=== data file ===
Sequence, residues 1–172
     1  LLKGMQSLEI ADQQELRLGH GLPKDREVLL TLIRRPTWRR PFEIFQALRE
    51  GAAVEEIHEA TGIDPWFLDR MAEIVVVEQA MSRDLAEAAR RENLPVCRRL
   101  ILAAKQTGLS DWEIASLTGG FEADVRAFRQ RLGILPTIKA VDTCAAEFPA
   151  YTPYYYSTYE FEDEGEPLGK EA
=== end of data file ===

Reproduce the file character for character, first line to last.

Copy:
Sequence, residues 1–172
     1  LLKGMQSLEI ADQQELRLGH GLPKDREVLL TLIRRPTWRR PFEIFQALRE
    51  GAAVEEIHEA TGIDPWFLDR MAEIVVVEQA MSRDLAEAAR RENLPVCRRL
   101  ILAAKQTGLS DWEIASLTGG FEADVRAFRQ RLGILPTIKA VDTCAAEFPA
   151  YTPYYYSTYE FEDEGEPLGK EA